Marius Schmidt, a physicist at the University of Wisconsin–Milwaukee (UWM), has received an Early Career Development (CAREER) Award from the National Science Foundation (NSF), which will support his work on imaging proteins as their atomic structure changes during biochemical reactions. The work could ultimately provide insights for new drug discovery.
Schmidt is the third UWM researcher to be awarded a CAREER grant in the last year, and the seventh member of UWM’s Department of Physics to receive one.
CAREER grants are the NSF’s most prestigious grants for younger researchers. They support the career development of teacher-scholars who are most likely to become the academic leaders of this century. Of the 17 UWM CAREER grant winners named in the last 15 years, all are still active faculty members.
“It is a singular accomplishment for UWM to have so many physicists in our mid-sized department honored with such an influential grant,” says Richard Meadows, dean of the UWM College of Letters and Science. “It also illustrates the department’s ability to identify and recruit young faculty who are able to compete at the highest levels.”
Schmidt, an assistant professor, will use the more than $900,000 grant, awarded over five years, to examine the structural changes of proteins that carry out essential functions of life by catalyzing biochemical reactions.
A substantial reorganization of the protein’s atomic structure occurs during these reactions, such as those that allow some bacteria to glow or react to light.Using an X-ray diffraction technique called time-resolved crystallography, Schmidt will explore two biological processes involving color-changing in molecules exposed to light.
Time-resolved crystallography can image an ensemble of molecules in four dimensions – three spatial dimensions and time. By adding and varying temperature, Schmidt can see all the changes as they happen, obtaining a comprehensive view of how the protein accomplishes its photoactive work.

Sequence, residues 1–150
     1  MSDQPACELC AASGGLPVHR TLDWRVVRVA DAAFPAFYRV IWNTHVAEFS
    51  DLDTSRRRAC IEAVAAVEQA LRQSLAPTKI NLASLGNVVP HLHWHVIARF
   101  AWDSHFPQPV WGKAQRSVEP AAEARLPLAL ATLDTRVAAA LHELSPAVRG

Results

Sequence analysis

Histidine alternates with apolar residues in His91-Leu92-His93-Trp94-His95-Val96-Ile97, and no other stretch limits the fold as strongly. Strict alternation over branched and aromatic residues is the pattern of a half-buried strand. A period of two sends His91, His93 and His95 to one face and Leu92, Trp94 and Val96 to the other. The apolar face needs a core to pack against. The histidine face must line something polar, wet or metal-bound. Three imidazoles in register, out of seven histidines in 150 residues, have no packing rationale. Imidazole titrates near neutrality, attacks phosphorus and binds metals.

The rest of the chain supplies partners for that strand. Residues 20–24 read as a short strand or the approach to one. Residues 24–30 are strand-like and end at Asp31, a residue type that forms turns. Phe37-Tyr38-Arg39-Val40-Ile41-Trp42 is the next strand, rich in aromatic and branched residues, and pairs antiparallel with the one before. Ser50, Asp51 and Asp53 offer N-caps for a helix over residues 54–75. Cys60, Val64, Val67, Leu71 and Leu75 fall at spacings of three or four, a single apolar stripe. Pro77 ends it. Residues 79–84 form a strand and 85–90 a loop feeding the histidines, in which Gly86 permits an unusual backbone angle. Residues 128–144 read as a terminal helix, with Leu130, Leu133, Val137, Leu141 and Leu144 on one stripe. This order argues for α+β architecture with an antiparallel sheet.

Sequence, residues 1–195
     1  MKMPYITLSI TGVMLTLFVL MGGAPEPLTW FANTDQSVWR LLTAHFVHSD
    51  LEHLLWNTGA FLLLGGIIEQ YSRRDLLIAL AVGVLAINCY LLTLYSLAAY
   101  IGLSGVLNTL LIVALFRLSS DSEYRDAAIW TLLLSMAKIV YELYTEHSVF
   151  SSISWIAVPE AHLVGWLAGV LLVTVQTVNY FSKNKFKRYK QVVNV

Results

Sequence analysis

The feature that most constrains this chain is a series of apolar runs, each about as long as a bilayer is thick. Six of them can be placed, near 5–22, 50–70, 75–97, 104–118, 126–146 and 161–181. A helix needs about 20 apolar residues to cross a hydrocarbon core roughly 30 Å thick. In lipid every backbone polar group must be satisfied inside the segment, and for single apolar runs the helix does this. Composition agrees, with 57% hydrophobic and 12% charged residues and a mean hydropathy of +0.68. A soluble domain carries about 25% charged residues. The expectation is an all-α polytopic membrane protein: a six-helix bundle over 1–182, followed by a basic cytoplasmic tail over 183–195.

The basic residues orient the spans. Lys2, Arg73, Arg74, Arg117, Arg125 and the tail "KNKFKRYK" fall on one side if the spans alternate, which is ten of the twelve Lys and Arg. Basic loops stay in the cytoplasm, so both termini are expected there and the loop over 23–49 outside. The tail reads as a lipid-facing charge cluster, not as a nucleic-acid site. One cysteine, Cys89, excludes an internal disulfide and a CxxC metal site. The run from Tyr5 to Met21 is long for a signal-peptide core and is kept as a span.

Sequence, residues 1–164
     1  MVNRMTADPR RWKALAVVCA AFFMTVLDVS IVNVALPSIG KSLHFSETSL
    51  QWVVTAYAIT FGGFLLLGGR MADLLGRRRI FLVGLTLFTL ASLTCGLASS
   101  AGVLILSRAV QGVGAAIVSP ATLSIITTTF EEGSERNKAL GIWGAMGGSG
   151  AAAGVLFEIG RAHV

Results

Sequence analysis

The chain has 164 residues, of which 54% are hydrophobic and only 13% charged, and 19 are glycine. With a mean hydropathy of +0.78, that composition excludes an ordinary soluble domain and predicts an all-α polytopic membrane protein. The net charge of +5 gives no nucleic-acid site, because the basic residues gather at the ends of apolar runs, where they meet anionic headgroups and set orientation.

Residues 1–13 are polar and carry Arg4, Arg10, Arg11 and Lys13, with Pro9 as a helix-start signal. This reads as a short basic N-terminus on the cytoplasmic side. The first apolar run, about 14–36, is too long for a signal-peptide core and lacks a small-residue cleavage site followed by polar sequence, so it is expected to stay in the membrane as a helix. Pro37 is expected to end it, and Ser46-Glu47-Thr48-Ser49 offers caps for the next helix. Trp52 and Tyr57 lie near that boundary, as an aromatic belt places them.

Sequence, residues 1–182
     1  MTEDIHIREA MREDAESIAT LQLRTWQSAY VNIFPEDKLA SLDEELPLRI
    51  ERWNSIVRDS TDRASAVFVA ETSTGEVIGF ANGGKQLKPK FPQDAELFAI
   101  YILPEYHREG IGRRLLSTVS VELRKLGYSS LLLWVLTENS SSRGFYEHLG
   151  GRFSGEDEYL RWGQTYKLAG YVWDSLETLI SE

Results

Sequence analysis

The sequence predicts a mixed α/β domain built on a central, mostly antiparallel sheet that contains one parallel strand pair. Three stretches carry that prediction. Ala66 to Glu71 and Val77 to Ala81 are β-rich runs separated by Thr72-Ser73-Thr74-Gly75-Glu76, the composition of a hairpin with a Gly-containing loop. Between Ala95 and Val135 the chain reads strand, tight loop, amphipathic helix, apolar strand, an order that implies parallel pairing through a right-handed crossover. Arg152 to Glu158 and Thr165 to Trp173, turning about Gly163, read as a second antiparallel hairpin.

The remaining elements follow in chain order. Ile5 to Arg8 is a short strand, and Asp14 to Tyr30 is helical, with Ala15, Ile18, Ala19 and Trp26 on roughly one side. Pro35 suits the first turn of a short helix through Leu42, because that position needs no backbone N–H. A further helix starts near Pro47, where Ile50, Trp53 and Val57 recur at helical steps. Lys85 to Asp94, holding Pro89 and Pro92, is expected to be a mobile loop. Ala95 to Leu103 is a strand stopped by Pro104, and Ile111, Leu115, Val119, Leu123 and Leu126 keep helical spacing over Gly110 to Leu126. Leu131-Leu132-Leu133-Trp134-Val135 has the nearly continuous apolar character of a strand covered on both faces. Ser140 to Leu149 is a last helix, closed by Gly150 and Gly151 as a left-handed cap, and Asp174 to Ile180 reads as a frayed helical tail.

“In the simplest terms, you are flipping atoms in the protein, which leads to the color changing,” says Schmidt. “You want to directly observe the atoms that are flipping and how it’s happening because there are many stages that occur.”
The research could lead to a rational design of optical switches that could be used in biophysical research. Replicating the work of proteins is also an important aspect of new drug discovery.
Schmidt earned his doctorate at Technische Universität München, Garching, Germany. Before joining the UWM Physics Department in 2007, he was a research associate in the Department of Biochemistry and Molecular Biology at the University of Chicago and a scientist in the Physics Department at Technische Universität München.
Lei (Leslie) Ying, an associate professor in Electrical Engineering and Computer Science, and Stefan Schnitzer, an associate professor in Biological Sciences, were awarded CAREER grants last summer.